This North American poppy is present in the Arctic and various alpine regions. The main part of the plant grows close to the ground – it’s just the flower stems that stick out about 10 centimeters above. The flowers have a light-yellow color, quite unique in the world of wild poppies.
Unlike many other tundra plants that have very small root systems, the Arctic poppy has a different strategy – its root system is made out of runners spread over a wide area. That way, the plant can “find” and access the scarce water over a relatively large area.
Moss Campion (Silene acaulis)
Adaptation: ground-covering cushion shape
Moss campion is one of the northern Arctic’s most common plants and is also present in alpine tundra regions. Because it is so common, it is one of the trademarks of the tundra landscape, decorating it with its prolific pinkish flowers during the bloom time.
However, it is the shape of this plant that we’re interested in.
The characteristic cushion shape enables the plant almost hug the ground, thereby retaining heat. When the weather warms up, the temperature inside of the “cushion” is truly, measurably warmer than the environment.
Additionally, the small size of the leaves ensures they won’t be damaged by the frost and the wind.
Interestingly, the Moss campion is sometimes called “the compass plant” because the blooms first appear on the southern side of the plant.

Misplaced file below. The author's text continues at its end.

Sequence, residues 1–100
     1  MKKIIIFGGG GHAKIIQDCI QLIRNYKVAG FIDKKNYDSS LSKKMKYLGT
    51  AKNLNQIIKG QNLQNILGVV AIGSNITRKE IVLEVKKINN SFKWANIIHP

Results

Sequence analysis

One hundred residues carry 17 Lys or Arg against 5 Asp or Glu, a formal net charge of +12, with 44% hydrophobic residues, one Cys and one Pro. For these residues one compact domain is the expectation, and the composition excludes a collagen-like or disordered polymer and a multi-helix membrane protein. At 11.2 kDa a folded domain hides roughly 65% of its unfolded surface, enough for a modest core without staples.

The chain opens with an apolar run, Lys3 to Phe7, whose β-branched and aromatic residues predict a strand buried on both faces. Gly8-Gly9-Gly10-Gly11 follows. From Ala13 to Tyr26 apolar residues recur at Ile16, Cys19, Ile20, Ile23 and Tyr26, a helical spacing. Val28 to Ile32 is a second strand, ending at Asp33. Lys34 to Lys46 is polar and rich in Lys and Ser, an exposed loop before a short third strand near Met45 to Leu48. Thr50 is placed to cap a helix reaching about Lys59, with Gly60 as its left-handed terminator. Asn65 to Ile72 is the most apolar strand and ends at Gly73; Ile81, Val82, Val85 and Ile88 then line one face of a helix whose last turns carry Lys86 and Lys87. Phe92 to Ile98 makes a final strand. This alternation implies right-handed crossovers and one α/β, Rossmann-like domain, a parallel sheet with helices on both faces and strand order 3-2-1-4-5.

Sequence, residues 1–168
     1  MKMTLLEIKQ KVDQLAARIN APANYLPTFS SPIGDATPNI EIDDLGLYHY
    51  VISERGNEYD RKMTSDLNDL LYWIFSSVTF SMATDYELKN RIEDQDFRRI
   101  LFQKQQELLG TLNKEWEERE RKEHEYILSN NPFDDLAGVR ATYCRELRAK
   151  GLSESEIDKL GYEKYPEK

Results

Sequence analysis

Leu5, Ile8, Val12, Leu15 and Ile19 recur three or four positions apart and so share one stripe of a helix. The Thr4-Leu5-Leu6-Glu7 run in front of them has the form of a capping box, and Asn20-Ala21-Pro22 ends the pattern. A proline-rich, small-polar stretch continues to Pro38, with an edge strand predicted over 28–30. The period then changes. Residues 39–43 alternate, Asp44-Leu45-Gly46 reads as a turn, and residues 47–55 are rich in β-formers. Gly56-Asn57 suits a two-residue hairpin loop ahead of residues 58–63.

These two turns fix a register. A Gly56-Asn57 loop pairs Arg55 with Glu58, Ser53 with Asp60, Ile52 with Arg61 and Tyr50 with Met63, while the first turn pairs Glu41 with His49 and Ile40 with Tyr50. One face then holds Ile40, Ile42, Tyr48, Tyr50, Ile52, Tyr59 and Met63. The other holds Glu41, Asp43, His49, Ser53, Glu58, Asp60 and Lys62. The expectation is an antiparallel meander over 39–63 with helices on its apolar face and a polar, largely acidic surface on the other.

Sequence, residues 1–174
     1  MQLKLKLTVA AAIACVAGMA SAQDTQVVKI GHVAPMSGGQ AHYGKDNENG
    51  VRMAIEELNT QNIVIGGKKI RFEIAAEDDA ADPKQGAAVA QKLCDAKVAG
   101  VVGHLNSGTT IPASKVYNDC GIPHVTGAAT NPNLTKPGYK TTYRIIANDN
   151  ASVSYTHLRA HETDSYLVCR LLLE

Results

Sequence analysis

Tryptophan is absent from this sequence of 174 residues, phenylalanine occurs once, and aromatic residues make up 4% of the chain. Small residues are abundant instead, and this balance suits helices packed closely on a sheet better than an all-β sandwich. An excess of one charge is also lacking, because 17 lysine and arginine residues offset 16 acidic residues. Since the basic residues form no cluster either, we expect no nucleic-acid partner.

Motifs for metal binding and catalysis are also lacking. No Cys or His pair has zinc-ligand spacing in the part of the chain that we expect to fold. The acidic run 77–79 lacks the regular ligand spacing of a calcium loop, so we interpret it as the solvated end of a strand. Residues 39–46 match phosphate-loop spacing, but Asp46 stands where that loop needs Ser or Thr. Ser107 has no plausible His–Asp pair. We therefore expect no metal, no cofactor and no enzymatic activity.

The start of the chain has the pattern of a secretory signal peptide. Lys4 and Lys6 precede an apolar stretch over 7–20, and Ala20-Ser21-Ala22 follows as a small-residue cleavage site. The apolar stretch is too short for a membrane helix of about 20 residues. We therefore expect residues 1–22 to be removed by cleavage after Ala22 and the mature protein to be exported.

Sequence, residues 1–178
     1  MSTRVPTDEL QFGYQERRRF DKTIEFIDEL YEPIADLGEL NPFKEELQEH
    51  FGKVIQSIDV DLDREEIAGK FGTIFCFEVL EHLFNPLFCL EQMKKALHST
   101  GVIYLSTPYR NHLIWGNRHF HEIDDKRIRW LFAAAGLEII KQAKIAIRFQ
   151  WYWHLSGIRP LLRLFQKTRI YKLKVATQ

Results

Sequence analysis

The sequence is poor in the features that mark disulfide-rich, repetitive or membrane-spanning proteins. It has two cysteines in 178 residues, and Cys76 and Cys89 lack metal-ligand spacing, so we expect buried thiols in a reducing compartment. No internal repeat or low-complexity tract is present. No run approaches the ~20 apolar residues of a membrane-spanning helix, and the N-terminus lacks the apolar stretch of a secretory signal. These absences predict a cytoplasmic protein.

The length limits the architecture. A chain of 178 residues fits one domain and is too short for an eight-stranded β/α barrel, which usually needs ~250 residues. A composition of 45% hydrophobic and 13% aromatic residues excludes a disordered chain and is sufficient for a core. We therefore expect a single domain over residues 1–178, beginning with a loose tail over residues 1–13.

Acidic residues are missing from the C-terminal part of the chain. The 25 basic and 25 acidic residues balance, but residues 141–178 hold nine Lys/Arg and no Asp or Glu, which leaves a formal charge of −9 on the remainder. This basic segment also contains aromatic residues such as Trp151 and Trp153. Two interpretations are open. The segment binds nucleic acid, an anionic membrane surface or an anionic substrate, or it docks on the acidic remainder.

Alpine Sunflower (Hymenoxys grandiflora)
Adaptation: Non-rotating flowers; hairs
This attractive sunflower cousin is native to the alpine tundra regions of the western United States – specifically, the heights of the Rockies.
In general, sunshine in the polar tundra is rare and precious, and some plants (see the pasqueflower) have darker blooms to capture as much of the sun’s energy as possible.
However, the alpine tundra is a bit different. Because of the elevation, the solar radiation can get very intense at midday, especially during the summer – and the UV radiation can be damaging. That is likely the reason why the showy inflorescences of the Alpine sunflower do not rotate towards the sun.
The Alpine sunflower is also in the tundra hairy plants club – its foliage is covered in cottony white hairs.
Cottongrass (Eriophorum vaginatum)
Adaptations: Fluffy seedpods
Cottongrass is commonly found in the tundra biome worldwide, and can also be found in peatlands elsewhere. Despite its name, Cottongrass is not a true grass – it belongs to the family of sedges – grass-like monocots.
The plant is distinct for its fluffy, cotton-like seed heads. However, these are not a mere decoration, but a way to efficiently utilize the infamous tundra winds to spread the seeds and carry them to great distances.
Also, the hairy fluff likely helps to trap some heat and protect the seeds from the cold.
Labrador Tea (Rhododendron groenlandicum)
Adaptations: Leaf modifications
This low flowering shrub is typical of cool North American areas, all the way to Greenland. Used as a herbal tea since ancient times – hence the name – the Labrador tea has many leaf adaptations that help it survive the harsh cold and remain evergreen.
The oval leaves are small, narrow and thick, with edges curved inwards. Also, they have a dense mat of small hairs on their undersides. Scientists are still debating if these are adaptations to the cold, the drought, or the lack of nutrients – but all those evolutionary pressures are characteristic of the tundra biome anyway.